Grave's disease is an autoimmune disease resulting in an overproduction of thyroid hormones. Thyroid hormones affect several different body systems, so this can result in a wide range of s/sx that affect overall well-being and health (which you'll see in signs and symptoms below). Graves is more common in women before the age of 40, but can affect anyone.
Grave's is diagnosed by a thyroid panel to determine TSH hormone, antibody tests, radioactive iodine uptake tests, ultrasounds and imaging.
Signs and symptoms
Because thyroid hormones affect so many different body system, you'll find a wide range of s/sx here. They include anxiousness and increased irritability, tremors of the hands and fingers, increased sensitivity to heat, weight loss despite not changing eating habits, thyroid gland enlargement, fluctuations in menstrual cycles, erectile dysfunction or decreased libido in men, bulging eyes, frequent bowel movements, fatigue, thickening of the skin on the shins or tops of feet, palpitations and rapid or irregular heartbeat.
This is basically Liver fire and Liver wind and Liver Yang Rising in TCM speak.
Grave's disease patients are more likely to develop complications such as issues during pregnancy, heart disorders, and brittle bones.
What's the cause? As with most autoimmune disease, no one knows for sure. But risk factors include a family history of Grave's disease, the presence of other autoimmune disorders (especially diabetes type 1 and rheumatoid arthritis), emotional or physical stress, pregnancy, and smoking. Fun fact: smokers are more likely to develop the Grave's ophthalmopathy (large protruding eyes). Women are more likely to develop Grave's than men and you'll also find it is more common in patients under 40.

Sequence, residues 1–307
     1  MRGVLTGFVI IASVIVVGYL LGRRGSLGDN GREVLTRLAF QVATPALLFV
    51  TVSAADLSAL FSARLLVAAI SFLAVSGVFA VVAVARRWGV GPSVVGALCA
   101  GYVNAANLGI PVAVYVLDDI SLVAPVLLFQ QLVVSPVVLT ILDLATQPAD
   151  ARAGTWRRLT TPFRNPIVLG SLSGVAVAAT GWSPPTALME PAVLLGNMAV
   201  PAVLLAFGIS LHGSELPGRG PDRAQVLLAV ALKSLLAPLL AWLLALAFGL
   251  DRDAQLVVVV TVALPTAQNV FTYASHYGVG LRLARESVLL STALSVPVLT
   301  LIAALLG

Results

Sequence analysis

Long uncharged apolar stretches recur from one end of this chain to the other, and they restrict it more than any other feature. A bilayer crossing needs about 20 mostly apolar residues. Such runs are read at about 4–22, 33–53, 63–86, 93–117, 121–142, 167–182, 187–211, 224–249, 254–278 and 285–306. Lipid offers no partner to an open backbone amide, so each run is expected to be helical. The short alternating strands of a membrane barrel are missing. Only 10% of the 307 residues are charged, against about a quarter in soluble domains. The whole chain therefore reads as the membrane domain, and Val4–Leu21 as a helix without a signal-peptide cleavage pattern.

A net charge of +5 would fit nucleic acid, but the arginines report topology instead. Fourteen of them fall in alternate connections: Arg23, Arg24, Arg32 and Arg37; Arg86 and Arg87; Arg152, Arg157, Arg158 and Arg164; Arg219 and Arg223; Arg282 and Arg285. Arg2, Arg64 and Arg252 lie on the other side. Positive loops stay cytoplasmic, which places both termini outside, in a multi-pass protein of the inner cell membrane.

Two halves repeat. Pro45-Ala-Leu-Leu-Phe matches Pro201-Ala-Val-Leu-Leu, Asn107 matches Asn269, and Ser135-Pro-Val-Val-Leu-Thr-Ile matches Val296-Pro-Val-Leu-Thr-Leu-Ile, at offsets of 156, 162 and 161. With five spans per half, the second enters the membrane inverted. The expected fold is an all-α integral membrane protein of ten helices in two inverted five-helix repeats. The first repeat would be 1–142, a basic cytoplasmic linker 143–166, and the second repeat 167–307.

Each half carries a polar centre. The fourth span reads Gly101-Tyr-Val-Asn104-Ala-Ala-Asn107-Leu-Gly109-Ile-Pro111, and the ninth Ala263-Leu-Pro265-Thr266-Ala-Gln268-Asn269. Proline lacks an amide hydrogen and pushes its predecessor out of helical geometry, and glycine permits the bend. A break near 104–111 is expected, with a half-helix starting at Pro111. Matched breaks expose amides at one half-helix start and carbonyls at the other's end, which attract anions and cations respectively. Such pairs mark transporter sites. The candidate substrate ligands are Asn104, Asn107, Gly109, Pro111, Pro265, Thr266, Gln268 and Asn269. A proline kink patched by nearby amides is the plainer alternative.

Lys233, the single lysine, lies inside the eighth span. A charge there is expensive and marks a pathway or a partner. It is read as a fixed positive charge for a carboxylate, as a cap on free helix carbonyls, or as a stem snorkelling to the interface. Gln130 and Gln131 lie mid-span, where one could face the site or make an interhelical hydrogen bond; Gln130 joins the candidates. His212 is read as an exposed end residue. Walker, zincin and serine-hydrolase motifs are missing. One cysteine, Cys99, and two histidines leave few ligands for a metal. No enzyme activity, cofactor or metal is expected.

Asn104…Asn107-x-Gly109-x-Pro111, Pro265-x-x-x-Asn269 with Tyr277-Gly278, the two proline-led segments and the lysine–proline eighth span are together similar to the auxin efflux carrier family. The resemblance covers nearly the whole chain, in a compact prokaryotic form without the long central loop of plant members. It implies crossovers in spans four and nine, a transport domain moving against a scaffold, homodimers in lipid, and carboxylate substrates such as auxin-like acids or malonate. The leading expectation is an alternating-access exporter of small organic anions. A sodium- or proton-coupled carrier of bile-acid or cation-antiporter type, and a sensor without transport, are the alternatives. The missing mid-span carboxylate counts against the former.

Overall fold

Treatment from a Western medical perspective include radioactive iodine therapy, antithyroid medications (which are really hard on the liver and have a ton of side effects), beta blockers, and even surgery. Chinese medical treatment for autoimmune and for Grave's disease include lifestyle and diet changes, herbal therapy, and acupuncture.
Acupuncture basic Rx
The sides given are not a hard and fast rule. Liver usually expresses on the right side, hence the liver points there. You can move them around or even needle bilaterally.
Du 20 and/or Yintang
Huo Ying, Huo Zhu, Lv 6,* *Master Tung's Lv 6 is needled next to the tibia on the Spleen channel rather than on the bone itself. Use your fingernail to palpate and slide the needle right next to the bone.
San Zhong or Three Weights
Ki 2, Ki 3, Ki 5
This protocol addresses the Liver, Gallbladder, Spleen, and Kidney on the right side. The Kidney points sedate and tonify the Liver because water is the mother of wood.
The San Zhong points are go-to points for neck and shoulder pain, so the energy of these points guides Qi to the neck and throat.
Xia San Huang on the left balances the whole body and is on the Spleen channel, which helps with muscle weakness. This set also contains Shen Guan which is good for any internal disease.
Du 20 raises the energy, relaxes the mind and body, and helps move Qi. You could also add Yintang to this set to do this as well. If you've read much of what I've written you might know that I love auricular points for this too. Auricular Autonomic and Shenmen points are great to calm the mind and body.